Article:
A STRATEGIC ‘SORRY’
I praise You, loving God, that I can depend on You to supply all my needs, day by day.
Read EXODUS 9:27 – 10:6
27 Then Pharaoh summoned Moses and Aaron. “This time I have sinned,” he said to them. “The Lord is in the right, and I and my people are in the wrong. 28 Pray to the Lord, for we have had enough thunder and hail. I will let you go; you don’t have to stay any longer.”
29 Moses replied, “When I have gone out of the city, I will spread out my hands in prayer to the Lord. The thunder will stop and there will be no more hail, so you may know that the earth is the Lord’s. 30 But I know that you and your officials still do not fear the Lord God.”
31 (The flax and barley were destroyed, since the barley had headed and the flax was in bloom. 32 The wheat and spelt, however, were not destroyed, because they ripen later.)
33 Then Moses left Pharaoh and went out of the city. He spread out his hands toward the Lord; the thunder and hail stopped, and the rain no longer poured down on the land. 34 When Pharaoh saw that the rain and hail and thunder had stopped, he sinned again: He and his officials hardened their hearts. 35 So Pharaoh’s heart was hard and he would not let the Israelites go, just as the Lord had said through Moses.
The Plague of Locusts
10 Then the Lord said to Moses, “Go to Pharaoh, for I have hardened his heart and the hearts of his officials so that I may perform these signs of mine among them 2 that you may tell your children and grandchildren how I dealt harshly with the Egyptians and how I performed my signs among them, and that you may know that I am the Lord.”
3 So Moses and Aaron went to Pharaoh and said to him, “This is what the Lord, the God of the Hebrews, says: ‘How long will you refuse to humble yourself before me? Let my people go, so that they may worship me. 4 If you refuse to let them go, I will bring locusts into your country tomorrow. 5 They will cover the face of the ground so that it cannot be seen. They will devour what little you have left after the hail, including every tree that is growing in your fields. 6 They will fill your houses and those of all your officials and all the Egyptians—something neither your parents nor your ancestors have ever seen from the day they settled in this land till now.’” Then Moses turned and left Pharaoh.
New International Version (NIV)Holy Bible, New International Version®, NIV® Copyright ©1973, 1978, 1984, 2011 by Biblica, Inc.® Used by permission. All rights reserved worldwide.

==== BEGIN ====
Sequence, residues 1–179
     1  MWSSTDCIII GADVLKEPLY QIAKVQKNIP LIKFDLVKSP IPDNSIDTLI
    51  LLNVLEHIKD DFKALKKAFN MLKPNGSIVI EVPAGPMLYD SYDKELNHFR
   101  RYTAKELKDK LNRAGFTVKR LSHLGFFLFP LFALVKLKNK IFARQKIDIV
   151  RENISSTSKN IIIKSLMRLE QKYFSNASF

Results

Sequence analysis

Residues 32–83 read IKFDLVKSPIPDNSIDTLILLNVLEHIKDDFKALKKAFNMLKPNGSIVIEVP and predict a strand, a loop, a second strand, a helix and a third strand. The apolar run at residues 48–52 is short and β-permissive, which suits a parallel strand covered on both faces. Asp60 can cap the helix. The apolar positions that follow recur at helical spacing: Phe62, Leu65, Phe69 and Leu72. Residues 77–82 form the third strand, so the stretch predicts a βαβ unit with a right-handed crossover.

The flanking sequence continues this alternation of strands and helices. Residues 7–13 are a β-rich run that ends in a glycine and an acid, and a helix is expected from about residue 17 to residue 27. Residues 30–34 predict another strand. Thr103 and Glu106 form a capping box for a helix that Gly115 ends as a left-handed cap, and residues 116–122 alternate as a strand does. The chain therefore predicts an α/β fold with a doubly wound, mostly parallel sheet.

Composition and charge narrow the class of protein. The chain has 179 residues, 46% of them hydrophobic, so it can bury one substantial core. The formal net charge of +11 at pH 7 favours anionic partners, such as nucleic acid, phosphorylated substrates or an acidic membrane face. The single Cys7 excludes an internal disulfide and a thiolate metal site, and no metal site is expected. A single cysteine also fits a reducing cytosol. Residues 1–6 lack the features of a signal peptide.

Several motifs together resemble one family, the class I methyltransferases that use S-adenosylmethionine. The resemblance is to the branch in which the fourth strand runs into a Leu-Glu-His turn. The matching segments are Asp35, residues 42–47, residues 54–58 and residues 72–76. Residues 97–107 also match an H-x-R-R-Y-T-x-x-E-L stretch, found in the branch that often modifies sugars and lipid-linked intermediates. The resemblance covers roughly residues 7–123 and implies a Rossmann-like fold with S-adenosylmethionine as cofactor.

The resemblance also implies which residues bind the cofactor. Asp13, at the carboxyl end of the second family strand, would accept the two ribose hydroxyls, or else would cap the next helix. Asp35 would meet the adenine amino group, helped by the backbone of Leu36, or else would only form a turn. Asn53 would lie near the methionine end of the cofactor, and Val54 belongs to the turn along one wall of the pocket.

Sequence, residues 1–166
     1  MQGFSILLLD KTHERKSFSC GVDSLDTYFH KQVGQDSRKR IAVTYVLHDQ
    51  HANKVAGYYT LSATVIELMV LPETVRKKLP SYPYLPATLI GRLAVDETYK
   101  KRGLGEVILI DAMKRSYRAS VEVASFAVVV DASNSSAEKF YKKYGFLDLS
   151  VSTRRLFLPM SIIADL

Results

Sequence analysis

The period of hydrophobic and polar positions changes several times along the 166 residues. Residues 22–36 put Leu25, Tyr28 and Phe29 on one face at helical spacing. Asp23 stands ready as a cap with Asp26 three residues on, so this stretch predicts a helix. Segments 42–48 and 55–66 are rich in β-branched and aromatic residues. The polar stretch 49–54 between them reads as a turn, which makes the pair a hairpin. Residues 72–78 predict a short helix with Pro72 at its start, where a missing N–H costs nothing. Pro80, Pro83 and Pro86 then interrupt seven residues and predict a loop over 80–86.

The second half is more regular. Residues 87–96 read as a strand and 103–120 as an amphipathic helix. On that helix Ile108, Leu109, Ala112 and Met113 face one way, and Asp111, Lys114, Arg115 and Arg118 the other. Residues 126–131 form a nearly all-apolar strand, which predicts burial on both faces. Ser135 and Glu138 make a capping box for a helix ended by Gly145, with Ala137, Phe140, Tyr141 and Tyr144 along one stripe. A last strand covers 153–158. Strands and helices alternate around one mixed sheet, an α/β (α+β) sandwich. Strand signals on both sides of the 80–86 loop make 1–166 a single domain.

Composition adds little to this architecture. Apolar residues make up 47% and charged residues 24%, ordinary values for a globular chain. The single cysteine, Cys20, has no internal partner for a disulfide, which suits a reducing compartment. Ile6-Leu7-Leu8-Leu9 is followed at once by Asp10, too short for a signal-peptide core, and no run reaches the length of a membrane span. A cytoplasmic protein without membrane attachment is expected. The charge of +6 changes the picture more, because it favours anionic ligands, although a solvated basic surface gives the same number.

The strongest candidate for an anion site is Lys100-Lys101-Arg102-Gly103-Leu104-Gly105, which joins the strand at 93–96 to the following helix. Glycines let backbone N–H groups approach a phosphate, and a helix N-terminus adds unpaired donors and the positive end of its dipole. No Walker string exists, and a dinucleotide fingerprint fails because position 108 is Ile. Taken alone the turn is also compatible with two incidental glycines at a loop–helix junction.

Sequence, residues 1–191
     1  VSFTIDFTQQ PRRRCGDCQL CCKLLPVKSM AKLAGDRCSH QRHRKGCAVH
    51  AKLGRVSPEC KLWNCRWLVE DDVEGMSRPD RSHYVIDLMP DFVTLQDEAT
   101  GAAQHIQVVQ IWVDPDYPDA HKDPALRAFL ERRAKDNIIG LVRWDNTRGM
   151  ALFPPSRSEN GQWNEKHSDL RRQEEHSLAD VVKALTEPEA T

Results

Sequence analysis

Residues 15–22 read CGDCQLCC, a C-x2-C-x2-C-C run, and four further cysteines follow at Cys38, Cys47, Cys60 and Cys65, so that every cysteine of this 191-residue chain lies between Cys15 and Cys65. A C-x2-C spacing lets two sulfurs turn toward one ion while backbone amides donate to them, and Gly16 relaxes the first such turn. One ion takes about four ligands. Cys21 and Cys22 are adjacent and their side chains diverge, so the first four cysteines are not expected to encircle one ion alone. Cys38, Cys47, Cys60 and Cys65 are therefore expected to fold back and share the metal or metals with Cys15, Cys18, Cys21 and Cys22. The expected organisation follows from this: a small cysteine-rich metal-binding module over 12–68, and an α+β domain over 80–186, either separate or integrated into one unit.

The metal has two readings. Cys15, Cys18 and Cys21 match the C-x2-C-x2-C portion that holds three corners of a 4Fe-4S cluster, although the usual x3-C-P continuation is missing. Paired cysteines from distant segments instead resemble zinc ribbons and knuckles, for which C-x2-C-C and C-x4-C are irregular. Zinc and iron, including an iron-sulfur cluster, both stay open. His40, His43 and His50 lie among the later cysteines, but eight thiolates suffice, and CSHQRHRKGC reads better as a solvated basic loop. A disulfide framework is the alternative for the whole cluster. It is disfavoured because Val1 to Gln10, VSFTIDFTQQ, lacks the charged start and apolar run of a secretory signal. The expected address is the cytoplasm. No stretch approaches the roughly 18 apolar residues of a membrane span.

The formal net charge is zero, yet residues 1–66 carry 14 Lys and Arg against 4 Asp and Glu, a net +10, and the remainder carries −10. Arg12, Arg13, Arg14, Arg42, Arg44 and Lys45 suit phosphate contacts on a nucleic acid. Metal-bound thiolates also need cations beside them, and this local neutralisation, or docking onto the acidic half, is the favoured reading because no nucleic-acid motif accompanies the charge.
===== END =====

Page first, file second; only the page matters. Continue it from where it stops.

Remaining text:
Think of an instance when someone tried to appease you with an insincere ‘sorry’. How did it make you feel? When have you been guilty of doing this?
For the first time, Pharaoh admits that he has ‘sinned’ (v 27) and he even asks Moses to pray for him (v 28)! This sounds like a change of heart – but is it? The real reason behind this confession is that Pharaoh has ‘had enough thunder and hail’ (v 28). Moses knows that Pharaoh and his officials ‘still do not fear the Lord God’ (v 30). Theirs is not a reverent fear, just fear of the consequences of God’s wrath. This is clear from what follows, for ‘When Pharaoh saw that the rain and hail and thunder had stopped, he sinned again’ (v 34). Pharaoh’s apology was strategic, not sincere; and it is a strategy he will employ again.1
In The Five Languages of Apology, the authors identify five elements of an apology: expressing regret, taking responsibility, making restitution, genuine repentance, and requesting forgiveness.2 Pharaoh’s apology falls short in almost all respects. Although he appears to accept responsibility for wrongdoing (v 27), he expresses no regret, demonstrates no real repentance (since he has no intention of changing his ways), makes no attempt to offer restitution in any form and – despite asking Moses to pray for him – does not ask for forgiveness but only that the hailstorm be stopped.
A strategic ‘sorry’ may avert unpleasant consequences or smooth over a relationship hump, but God looks beyond words of apology, to the state of the heart: ‘How long will you refuse to humble yourself before Me?’ (10:3). Contrast this with the prodigal son’s apology: ‘Father, I have sinned against heaven and against You. I am no longer worthy to be called Your son.’3 Here is a truly repentant sinner. There is rejoicing, says Jesus, because the lost has been found. Pharaoh was lost; but he had no desire to be found, only to be freed of the hailstorm.
Meditate on Psalm 51. Then use this as a model for your own prayer of confession.
Lord God, I pray I will be soft hearted not hard hearted, humble, not filled with pride.
1 Exod 10:16 2 Gary Chapman and Jennifer Thomas, The Five Languages of Apology, Northfield Publishing, 2006 3 Luke 15:21
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